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Many contemporary sources refer to the film as Ocean's 11. After the opening credits, voice-over narration by Joey Bishop as "'Mushy' O'Connors" sets the story at "Christmastime in Beverly Hills, California-a time when everyone thinks only kind, tolerant, generous thoughts." At the end of the film, as the ten men walk away from the mortuary, they are shown onscreen individually with their names and character names superimposed. Behind them a marquee advertises "In the Lounge Jonah Jones, Norman Brooks and Ann Brooks, Red Norvo and Ernie Stewart Trio." According to a March 1960 Hollywood Reporter news item, Norvo "and his trio" appeared in the film performing backup for Dean Martin's song "Ain't That a Kick in the Head." Jonah Jones was a jazz trumpeter. After the final shot and ending credit of Sammy Davis, Jr., a second sign above the first lists the names of Frank Sinatra, Martin, Davis, Peter Lawford and Bishop.
The group of five, which was headed by Sinatra, came to be known in Hollywood as the "Rat Pack." Shirley MacLaine, who, according to an August 1960 Los Angeles Examiner article, made an unbilled appearance in the film at her own request, was considered an "auxiliary" member of the group. Los Angeles restaurateur Nicky Blair, George E. Stone, Hoot Gibson, Red Barry and other friends of Sinatra, many of whom are old character actors, make brief appearances in the film.
The ten closing cast credits of Ocean's Eleven differ in order from the opening credits and do not include some of the above-title names. In the opening credits, the cameo appearances of George Raft and Red Skelton are labeled as "guest stars." The character name "`Curly' Steffans" is spelled with an "a" onscreen, although the CBCS and reviews spell the name "Steffens." The character portrayed by actress Laura Cornell is called "Honeyface" in the film and "Sugarface" in the CBCS.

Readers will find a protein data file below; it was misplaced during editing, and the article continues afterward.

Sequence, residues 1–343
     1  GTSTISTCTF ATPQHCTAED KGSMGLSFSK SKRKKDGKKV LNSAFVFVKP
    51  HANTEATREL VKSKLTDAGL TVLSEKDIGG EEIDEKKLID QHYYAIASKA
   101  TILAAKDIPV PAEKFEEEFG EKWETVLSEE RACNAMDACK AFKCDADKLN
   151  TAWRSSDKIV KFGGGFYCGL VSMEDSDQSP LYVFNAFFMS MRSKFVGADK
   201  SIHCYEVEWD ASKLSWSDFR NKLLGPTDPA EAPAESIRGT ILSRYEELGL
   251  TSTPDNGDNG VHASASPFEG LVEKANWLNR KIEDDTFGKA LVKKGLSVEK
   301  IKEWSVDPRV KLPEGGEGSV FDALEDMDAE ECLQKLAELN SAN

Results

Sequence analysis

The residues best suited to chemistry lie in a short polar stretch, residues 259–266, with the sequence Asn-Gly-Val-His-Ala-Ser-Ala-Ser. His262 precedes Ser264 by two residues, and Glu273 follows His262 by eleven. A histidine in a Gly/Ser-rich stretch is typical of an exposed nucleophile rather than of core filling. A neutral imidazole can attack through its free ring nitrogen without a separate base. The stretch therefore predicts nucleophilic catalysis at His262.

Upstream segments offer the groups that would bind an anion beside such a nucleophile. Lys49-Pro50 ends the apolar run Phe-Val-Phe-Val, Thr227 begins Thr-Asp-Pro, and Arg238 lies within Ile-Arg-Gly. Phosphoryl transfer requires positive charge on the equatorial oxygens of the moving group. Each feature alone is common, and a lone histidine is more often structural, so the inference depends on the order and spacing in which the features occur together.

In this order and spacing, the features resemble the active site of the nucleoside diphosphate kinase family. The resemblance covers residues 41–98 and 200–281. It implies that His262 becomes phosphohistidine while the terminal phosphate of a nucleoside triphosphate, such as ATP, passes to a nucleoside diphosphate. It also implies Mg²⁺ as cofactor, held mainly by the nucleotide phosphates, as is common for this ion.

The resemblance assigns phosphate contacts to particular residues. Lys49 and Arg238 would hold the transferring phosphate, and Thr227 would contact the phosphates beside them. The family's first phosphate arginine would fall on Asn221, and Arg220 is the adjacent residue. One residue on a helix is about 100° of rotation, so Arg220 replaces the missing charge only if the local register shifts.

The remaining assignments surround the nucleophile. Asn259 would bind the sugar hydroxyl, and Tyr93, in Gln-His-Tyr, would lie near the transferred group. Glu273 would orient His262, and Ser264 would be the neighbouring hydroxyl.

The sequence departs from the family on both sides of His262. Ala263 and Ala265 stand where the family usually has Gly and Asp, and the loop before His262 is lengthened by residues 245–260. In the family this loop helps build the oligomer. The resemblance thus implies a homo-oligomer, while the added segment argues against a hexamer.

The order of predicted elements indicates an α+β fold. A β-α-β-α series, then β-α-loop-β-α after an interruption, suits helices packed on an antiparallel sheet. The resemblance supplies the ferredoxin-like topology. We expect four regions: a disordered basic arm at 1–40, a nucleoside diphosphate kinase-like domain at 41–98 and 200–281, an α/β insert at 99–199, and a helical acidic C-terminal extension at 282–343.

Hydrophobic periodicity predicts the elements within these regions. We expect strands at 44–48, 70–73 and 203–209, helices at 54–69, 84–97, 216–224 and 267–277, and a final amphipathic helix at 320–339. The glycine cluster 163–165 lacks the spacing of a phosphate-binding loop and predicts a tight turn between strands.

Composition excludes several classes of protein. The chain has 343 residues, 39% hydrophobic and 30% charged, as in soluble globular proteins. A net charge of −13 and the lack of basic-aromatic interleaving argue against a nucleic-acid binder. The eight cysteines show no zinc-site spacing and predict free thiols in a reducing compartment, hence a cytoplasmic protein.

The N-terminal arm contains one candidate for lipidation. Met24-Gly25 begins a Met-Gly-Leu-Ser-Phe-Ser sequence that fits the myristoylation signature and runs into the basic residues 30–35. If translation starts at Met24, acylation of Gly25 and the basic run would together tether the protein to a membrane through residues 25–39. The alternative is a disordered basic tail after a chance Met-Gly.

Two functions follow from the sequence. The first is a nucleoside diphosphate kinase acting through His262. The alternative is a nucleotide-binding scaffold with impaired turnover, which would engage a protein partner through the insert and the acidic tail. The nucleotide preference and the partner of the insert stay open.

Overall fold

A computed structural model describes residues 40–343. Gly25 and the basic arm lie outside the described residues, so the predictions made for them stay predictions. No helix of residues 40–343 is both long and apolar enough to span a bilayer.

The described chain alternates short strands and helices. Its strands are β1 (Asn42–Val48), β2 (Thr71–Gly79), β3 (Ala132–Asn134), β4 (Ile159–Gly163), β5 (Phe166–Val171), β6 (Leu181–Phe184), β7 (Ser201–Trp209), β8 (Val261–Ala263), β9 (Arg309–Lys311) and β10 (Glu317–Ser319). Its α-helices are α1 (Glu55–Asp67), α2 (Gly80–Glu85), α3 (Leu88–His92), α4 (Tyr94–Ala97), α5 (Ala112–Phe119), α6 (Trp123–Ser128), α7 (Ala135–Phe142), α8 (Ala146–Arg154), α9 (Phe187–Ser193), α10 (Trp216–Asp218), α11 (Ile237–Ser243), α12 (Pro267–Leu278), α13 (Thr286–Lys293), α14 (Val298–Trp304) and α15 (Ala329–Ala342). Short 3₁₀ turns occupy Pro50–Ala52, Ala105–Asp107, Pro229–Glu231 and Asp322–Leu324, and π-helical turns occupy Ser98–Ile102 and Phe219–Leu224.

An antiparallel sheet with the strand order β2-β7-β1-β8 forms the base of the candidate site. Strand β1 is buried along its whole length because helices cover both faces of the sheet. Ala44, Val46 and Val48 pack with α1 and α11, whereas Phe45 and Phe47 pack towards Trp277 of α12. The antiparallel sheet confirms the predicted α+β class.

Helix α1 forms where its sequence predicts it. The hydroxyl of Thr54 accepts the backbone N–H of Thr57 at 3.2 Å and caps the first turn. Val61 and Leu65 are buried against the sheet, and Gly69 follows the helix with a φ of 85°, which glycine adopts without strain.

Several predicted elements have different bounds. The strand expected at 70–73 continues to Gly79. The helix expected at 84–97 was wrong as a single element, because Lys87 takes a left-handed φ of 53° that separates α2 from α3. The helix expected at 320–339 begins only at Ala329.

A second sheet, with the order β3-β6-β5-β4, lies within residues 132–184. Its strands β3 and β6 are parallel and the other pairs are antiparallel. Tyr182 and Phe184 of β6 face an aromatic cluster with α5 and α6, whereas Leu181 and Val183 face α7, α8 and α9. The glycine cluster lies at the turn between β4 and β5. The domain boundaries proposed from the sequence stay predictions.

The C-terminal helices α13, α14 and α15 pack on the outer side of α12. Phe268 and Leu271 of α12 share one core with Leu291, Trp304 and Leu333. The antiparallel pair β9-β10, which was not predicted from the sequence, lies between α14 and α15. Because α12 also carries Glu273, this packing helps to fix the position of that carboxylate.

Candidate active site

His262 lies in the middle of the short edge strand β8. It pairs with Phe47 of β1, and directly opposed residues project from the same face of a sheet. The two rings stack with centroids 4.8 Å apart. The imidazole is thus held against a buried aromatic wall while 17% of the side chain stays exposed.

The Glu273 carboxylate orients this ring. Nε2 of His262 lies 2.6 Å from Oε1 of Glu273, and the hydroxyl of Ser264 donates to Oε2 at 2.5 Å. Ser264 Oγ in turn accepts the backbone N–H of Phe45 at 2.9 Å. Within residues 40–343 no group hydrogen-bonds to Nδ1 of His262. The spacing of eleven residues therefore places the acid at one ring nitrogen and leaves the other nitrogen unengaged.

In April 1956, a Daily Variety news item reported that director Gilbert L. Kay and producer Earl Colbert had signed jazz guitarist Barney Kessell to score Ocean's Eleven, which was to be the first picture produced by the newly formed Matador Productions. The news item reported that the authors of the original story, George Clayton Johnston and Jack Golden Russell, were co-partnered with Kay and Colbert. According to a December 1957 Los Angeles Times news item, Lawford and Sinatra bought the screenplay, although, according to a 1957 New York Times news item, neither planned to appear before the camera.
A September 1958 Los Angeles Examiner news item, mentioning that Sinatra and Lawford's friendship had "blossomed into a business deal," confirmed their plans to produce the film in the Las Vegas area, at "the famed magnesium plant in Henderson, Nev.," a few miles outside of the city, and at the Sands Hotel, of which Sinatra and Martin had part ownership. The news item reported that small cottages near the plant would be used in the story to advance the plot, which called for them to be set on fire, so that the story's "gangsters" could hold up six hotels on the Strip while the fire and police departments fought the blaze. The news item also reported that during production, Sinatra, Lawford, Martin and Davis would alternate performances at the Sands each night.
According to a September 1958 Daily Variety news item, the film would be co-produced by Sinatra's Dorchester Productions and Lawford's Kenlaw Productions companies, and Sinatra and Lawford would perform in the film with Davis, Martin and Buddy Lester. An August 1958 Hollywood Reporter news item reported that production of the film, which was being written by Richard Breen, was being postponed until after Sinatra completed the film All My Tomorrows, which was the working title for the 1959 United Artists release A Hole in the Head (see entry above). According to November 1958 Los Angeles Mirror-News and October 1958 Daily Variety news items, Lawford and Breen traveled to Las Vegas to work on the script, which they discussed with the Las Vegas police chief, R. K. Sheffer (misspelled Shefter in the Daily Variety news item). Breen was not credited onscreen and his contribution to the final film has not been confirmed.